I did not think about the wheelchair not fitting in to a small country pub, about feeling in the way, apologetic.

I never imagined you not being able to feel the mud ooze between your toes, slipping and sliding as you walk over the salt marshes that ebb and flow with the tides and seasons. Not being able to run amongst the pine trees flanking the dunes collecting fir cones. Not being able to trek out across the vast expanse of sand revealed by the retreating tide nor leap over the bubbling ripple of waves.

I did not think about not being able.

But now that I have, I know that in your wheelchair on the staithe I can place a crab line in your hand, dangling the sodden bacon filled net listening to the gulls and the slapping of the tidal estuary against the thick seaweed covered posts of the landing stage.

I know that you enjoy sitting in a pub garden looking out over the saltmarshes.

You can for now, be carried into a boat to sail out to the seals basking on the sand banks.

I know that for now you can be held with your feet in the stream to feel the icy ripples tickle you into exuberant laughter.

I know that you enjoy the sounds of putting coins in a slot machine in the touristy seaside town, the sugary smell and sweet taste of candy floss.

I know that I can push your chair to the edge of the sand and lift you down so that we can make a sandcastle together and watch the others walk to the sea in the distance. Together we do a lot of watching and looking. Together we are learning everyday.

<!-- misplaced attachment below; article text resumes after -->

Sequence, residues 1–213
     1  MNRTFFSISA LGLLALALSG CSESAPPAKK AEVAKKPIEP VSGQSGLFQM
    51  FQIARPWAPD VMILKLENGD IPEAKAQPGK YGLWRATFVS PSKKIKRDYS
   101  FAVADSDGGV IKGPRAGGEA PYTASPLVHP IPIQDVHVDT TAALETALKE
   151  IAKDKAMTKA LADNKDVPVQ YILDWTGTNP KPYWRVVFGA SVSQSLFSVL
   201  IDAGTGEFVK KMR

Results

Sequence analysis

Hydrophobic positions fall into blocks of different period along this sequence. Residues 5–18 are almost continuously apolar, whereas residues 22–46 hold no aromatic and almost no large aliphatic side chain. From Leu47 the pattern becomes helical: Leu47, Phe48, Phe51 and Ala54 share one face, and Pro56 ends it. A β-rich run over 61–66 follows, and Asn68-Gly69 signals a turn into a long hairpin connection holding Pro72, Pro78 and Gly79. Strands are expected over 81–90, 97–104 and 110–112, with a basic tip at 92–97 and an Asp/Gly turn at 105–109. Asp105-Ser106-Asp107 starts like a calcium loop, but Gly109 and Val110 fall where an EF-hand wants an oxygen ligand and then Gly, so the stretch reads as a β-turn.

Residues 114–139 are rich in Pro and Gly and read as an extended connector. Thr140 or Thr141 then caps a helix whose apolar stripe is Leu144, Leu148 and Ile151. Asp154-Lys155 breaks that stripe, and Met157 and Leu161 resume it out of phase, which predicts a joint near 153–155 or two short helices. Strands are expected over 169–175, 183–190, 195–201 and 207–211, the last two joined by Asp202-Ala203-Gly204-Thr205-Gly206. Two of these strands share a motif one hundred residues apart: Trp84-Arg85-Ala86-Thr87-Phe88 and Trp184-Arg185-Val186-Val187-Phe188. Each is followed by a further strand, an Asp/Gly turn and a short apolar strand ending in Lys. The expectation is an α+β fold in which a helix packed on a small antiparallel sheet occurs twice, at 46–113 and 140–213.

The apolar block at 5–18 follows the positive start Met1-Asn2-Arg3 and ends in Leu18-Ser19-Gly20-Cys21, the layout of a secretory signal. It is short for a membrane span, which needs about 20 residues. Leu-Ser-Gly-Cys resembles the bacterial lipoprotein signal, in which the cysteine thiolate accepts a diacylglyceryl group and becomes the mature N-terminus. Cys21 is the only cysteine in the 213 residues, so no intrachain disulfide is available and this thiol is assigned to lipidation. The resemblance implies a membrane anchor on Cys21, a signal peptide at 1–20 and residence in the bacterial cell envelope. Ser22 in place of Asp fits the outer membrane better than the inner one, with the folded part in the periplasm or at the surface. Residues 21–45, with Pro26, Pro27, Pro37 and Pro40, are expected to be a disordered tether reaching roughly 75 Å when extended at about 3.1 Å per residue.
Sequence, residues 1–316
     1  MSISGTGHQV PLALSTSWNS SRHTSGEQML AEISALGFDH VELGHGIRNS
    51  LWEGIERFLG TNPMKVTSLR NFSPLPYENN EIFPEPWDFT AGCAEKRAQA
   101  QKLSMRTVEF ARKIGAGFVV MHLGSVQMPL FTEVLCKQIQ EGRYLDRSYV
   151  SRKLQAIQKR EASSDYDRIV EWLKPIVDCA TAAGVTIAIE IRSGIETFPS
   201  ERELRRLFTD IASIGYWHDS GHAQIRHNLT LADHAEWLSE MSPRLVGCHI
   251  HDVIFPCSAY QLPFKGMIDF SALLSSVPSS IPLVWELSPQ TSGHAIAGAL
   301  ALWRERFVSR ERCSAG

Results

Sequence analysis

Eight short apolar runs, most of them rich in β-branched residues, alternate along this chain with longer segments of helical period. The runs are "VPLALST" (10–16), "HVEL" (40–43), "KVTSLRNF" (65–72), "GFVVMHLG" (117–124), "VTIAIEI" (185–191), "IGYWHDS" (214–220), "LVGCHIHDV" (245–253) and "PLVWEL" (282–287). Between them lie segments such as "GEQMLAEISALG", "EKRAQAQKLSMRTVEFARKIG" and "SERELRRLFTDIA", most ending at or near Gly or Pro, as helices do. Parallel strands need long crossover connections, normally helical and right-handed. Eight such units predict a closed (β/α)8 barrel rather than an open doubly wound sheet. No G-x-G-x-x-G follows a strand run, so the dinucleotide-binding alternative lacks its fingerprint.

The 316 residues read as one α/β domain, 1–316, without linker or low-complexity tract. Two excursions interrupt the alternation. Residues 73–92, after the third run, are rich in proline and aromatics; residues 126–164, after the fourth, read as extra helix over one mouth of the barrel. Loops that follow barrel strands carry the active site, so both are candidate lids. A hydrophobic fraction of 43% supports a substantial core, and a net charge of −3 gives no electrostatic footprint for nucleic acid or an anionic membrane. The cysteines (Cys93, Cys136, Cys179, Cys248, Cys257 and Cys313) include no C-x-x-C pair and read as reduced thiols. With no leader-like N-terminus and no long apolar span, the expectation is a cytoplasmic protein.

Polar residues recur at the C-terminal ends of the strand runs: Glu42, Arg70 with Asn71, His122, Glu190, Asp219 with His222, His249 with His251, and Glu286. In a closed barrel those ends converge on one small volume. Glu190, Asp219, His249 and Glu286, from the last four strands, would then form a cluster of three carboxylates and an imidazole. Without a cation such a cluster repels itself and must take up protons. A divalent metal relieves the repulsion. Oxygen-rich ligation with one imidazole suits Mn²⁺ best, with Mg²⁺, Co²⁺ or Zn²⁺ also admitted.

Lucy Collins, 12-17

Acceptance

Never normal,
Bullied, Broken, Abused
And ignored.

They never noticed,
Never cared,
In the job for the money,
Left alone.

More than once,
They’ve given up.

Self harm became ,
Life preservation.

Someone finally noticed,
Turns out its Autism,
Part of a new,
Category of normal.

Still mentally unfit,
Moved away,
Hoped for change,
Mainly in myself.

Still seeking answers,
To my never ending,
Questions.

Books became a safe haven,
Crazy sports a release to freedom,
Outside alone and peaceful.

Watching the crazy fade away.

It  all came crashing down,
The fits started,
No control,
Just a life of crazy.

Answer’s started emerging,
suspected borderline personality disorder, Oh the joy.

Autism,
Epilepsy,
Emotionally Unstable.

The question came about,
“If it could be changed should it ?”
Those things make up me,
you cant and,
shouldn’t change that.

Its looking up,
I am not a failure,
I am not crazy,
I am not a liability,
I am just me ,
And that is the best you can be.

In the end normal is non-existent,
In reality,
Happiness is a relative term,
No-one is happy all the time,
It comes in fleeting moments,
with the loss of inhibitions,
Those moments of pure happiness,
Are what makes life worth living.

There bad days and good days,
I accepted that and its okay with me,
Because I have moments of ,
Pure Happiness.

Lauren, 5-11

my name is Lauren but I like to be called Lolly. I am 11 and have some disabilities. I like to be just like the other kids in my class  and do the things they do. Sometimes people are horrible to me and call me names . I choose to ignore them even though they hurt my feelings. I am jus the same as them . I go to school . I can read ,write and love to sing my heart out .Just because I am disabled doesn’t mean I am different .